Apple's next-generation mobile operating system comes with many visual tweaks, but the all-new, simplified app switcher is perhaps the most radical change to the user interface.
The release of iOS 9 marks the third consecutive redesign for the app switcher, which first appeared — Â in a much more limited fashion -Â in iOS 4. iOS 7 brought app screenshots to the party, while iOS 8 added a list of frequent contacts, pressing the app switcher into double duty.
iOS 9 does away with almost every interface paradigm established for the app switcher in the five years since its introduction. It's still accessed by double-clicking the home button, but nearly everything else has changed.
The familiar row of icons at the bottom of the display is gone. Now located at the top, the icons are smaller and the app names are larger.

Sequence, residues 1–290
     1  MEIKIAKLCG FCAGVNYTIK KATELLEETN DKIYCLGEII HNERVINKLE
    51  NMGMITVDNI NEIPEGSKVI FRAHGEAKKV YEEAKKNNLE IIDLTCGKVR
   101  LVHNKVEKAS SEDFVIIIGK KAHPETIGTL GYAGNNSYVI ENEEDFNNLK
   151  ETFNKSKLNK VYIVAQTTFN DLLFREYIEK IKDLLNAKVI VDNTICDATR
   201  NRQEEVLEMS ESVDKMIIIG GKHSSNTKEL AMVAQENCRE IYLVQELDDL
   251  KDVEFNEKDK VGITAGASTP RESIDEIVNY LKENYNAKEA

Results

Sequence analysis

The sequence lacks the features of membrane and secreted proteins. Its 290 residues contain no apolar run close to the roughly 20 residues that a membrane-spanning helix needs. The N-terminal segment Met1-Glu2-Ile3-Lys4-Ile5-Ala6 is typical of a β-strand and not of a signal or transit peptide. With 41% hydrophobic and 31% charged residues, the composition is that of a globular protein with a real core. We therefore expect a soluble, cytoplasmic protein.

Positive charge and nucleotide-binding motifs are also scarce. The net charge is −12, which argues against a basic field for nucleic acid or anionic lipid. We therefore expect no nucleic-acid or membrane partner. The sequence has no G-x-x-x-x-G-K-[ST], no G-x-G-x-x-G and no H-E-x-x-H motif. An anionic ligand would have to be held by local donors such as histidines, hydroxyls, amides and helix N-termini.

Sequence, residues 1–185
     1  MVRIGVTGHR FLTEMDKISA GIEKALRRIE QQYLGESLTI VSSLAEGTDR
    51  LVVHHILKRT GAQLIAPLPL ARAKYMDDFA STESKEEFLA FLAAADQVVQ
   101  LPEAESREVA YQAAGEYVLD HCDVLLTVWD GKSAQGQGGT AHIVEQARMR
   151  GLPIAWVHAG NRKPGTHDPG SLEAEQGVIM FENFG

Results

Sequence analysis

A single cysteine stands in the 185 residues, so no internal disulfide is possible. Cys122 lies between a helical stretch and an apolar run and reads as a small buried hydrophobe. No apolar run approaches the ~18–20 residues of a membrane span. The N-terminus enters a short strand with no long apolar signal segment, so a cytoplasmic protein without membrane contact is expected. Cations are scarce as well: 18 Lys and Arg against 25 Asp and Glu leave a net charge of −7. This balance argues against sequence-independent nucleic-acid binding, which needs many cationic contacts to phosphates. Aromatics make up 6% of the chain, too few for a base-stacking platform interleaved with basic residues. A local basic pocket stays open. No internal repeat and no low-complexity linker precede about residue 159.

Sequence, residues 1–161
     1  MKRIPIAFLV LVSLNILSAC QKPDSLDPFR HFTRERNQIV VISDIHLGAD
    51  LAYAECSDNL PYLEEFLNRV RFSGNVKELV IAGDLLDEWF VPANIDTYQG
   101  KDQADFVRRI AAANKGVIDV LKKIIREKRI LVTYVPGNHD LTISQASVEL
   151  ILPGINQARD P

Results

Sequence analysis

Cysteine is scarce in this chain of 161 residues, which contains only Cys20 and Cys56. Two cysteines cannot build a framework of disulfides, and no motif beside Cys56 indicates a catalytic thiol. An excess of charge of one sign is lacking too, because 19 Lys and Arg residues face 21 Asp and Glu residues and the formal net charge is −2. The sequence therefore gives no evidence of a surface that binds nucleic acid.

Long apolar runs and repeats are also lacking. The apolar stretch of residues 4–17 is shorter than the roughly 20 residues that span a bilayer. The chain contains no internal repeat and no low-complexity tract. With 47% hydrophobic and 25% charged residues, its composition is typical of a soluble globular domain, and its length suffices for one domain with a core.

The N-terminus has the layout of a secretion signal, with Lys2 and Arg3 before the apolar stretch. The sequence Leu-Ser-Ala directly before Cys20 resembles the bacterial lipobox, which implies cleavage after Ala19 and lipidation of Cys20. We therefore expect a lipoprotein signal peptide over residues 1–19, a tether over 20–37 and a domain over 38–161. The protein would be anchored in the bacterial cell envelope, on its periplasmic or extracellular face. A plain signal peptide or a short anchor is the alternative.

App screens are no longer shown in their entirety. The "deck of cards" metaphor adapted from webOS has been taken more literally in iOS 9, and apps are now arranged in a manner more reminiscent of Apple's Cover Flow, minus the unobstructed central item.
Perhaps the biggest change is that the home screen is now on the right side, rather than the left. Millions of frequent app switchers will have to rid themselves of that muscle memory.
A couple of other things do remain from the days of old: you can still force-quit apps by swiping up, and a single click on the home button will jump directly back to where you were when you called the switcher. Overall, iOS 9's new app switcher is a welcome change that seems much more in line with iOS's overall architecture than its immediate predecessor did.